Hypothermia: more than just chilled to the bone
Maybe you came across the Dec. 17, 2008 issue of the British Medical Journal and read the article that debunked the myth that you lose more heat through your head than from any other part of your body. Maybe that got you thinking, "I don't need to wear that hat mom's always trying to make me wear."
Humans don't have a layer of fur or blubber to keep them warm like other warm-blooded animals. We need clothes — and when it's especially cold outside, we need more layers to maintain our body temperature at around 37 C. That's the temperature at which our body is designed to function at its optimum.
If you don't protect yourself with appropriate clothing, your body won't be able to generate as much heat as it's losing to the really cold air around you.
If your body temperature falls below 35 C, you will become hypothermic and will need medical attention of some kind.
But your body sends warning signals before you reach that point. You will feel cold if your body temperature falls to 36 C. At 35 C, you will start shivering as your body tries desperately to generate heat.
Stepping out of the cold — or out of the wind — is often enough to help get your internal temperature back up, but ignoring the signs could lead to a further drop in your body's temperature.
At 34 C, you may seem clumsy, irrational or confused. At 33 C, you will experience muscle stiffness. By the time your body temperature hits 32 C, you will stop shivering and you're in danger of collapsing. You should be taken to the nearest hospital.
If your temperature falls to 28 C, you will likely be unconscious and you may suffer cardiac arrest.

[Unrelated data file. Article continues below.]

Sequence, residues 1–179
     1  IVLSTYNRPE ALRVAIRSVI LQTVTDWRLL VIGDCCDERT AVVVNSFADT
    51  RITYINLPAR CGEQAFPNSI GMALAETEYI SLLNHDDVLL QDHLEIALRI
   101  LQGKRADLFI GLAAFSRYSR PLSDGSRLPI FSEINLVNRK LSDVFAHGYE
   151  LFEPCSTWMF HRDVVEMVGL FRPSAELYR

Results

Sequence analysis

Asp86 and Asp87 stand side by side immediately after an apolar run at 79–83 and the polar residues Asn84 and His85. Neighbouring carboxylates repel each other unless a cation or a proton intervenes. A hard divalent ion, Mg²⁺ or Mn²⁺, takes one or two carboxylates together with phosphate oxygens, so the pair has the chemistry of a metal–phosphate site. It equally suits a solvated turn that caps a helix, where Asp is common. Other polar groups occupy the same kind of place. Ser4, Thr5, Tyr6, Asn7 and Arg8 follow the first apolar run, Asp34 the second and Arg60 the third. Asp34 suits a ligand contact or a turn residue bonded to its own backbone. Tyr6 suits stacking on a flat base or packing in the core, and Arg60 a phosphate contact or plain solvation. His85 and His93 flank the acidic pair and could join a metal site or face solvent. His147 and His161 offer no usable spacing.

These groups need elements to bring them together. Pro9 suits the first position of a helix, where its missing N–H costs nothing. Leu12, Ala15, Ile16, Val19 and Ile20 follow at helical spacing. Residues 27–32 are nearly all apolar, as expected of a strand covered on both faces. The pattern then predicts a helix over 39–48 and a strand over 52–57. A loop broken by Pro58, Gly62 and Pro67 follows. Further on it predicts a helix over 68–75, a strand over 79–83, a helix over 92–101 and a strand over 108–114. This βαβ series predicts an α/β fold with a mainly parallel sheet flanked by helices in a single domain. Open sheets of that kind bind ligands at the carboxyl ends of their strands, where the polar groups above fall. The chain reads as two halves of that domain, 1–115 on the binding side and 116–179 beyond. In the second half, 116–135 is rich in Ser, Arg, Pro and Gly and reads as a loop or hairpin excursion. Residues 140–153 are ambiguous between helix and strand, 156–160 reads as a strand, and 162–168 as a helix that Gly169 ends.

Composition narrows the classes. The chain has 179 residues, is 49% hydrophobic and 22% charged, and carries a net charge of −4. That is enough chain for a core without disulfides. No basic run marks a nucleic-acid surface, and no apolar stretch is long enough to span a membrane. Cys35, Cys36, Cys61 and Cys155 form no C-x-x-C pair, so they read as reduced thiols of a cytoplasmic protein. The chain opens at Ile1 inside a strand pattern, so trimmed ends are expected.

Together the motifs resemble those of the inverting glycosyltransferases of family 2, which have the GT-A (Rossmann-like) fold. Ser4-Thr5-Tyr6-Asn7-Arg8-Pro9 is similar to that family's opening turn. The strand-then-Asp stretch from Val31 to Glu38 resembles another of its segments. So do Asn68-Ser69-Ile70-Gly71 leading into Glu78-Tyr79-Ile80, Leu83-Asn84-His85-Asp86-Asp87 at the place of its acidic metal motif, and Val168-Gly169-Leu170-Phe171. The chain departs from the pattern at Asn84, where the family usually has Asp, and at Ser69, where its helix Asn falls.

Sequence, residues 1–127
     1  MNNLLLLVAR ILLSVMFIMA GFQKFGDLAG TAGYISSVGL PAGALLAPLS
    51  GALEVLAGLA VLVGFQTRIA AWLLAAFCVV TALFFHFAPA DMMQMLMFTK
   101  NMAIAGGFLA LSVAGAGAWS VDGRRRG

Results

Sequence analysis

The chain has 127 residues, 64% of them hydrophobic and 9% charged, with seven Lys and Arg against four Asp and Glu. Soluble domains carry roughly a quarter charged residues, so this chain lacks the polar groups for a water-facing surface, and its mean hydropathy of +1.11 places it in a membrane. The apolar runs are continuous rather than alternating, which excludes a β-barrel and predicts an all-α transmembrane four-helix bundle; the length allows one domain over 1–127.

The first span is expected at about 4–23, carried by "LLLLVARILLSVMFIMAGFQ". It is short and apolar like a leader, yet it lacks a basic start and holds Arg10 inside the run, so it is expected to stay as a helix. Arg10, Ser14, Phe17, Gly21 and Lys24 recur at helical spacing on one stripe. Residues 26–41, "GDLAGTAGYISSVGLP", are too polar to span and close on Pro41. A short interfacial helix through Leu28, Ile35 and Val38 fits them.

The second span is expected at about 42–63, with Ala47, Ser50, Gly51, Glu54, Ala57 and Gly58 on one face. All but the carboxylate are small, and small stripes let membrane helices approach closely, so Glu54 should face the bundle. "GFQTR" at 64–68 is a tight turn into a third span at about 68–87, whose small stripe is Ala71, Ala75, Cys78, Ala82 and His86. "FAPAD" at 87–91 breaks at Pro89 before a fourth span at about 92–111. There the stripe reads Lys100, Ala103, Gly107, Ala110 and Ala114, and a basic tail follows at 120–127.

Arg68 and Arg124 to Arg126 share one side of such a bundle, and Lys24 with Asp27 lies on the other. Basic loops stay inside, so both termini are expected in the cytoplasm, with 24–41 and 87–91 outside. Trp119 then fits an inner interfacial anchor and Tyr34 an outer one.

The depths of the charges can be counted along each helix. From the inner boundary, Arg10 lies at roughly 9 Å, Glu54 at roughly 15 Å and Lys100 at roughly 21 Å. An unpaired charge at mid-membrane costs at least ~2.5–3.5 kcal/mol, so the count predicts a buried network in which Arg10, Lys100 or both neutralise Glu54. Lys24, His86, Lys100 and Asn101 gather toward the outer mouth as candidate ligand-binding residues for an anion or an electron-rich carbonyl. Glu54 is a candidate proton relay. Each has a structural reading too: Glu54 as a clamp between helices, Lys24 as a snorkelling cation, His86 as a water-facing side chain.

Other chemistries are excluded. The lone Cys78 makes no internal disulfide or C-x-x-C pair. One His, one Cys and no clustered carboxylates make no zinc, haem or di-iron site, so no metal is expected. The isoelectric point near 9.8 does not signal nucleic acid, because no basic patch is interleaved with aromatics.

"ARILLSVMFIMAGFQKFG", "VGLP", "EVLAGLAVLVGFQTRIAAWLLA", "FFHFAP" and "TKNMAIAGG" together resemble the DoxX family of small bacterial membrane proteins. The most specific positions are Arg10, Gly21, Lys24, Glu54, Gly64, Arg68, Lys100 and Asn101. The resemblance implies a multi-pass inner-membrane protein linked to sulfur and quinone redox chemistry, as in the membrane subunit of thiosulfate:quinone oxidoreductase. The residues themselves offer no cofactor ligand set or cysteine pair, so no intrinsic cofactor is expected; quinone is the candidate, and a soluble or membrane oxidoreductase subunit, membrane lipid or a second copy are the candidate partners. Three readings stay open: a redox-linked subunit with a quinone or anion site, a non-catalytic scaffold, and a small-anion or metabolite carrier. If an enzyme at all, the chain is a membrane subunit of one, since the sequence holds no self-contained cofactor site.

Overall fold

On Dec. 19, 2008, 55-year-old Donna Molnar of Ancaster, Ont., left home in a snowstorm to pick up groceries. She was found three days later, in a field unable to move, under 60 centimetres of snow, slowly freezing.
Her body temperature had fallen to 30 C. However, she did not suffer organ damage and is continuing to recover.
In February 2001, 13-month-old Erika Nordby of Edmonton crawled outside the family home in the middle of the night. The outside temperature was -24 C. By time she was found, her body temperature had tumbled to 16 C and her heart had stopped.
It took a team of more than a dozen medical staff an hour and a half to get her heart beating again.
Three days later, Erika was suffering from severe frostbite, but there were no signs of major physical injury or the brain damage that's expected in someone whose oxygen supply to the brain has been cut off, especially for that amount of time.
Such recoveries from extreme hypothermia are extremely rare. Doctors believe Erika entered a type of hibernation that allowed her to survive.
More often, extreme cases of exposure to cold end tragically, like that of seven-year-old James Delorey. He wandered from his home in South Bar, near Sydney, Nova Scotia on Dec. 5, 2009 wearing jeans, a shirt and a vest — nothing to protect him from the cold and snow that would hit the area later that day. He was found unconscious in thick bush two days later, just over a kilometre from his home.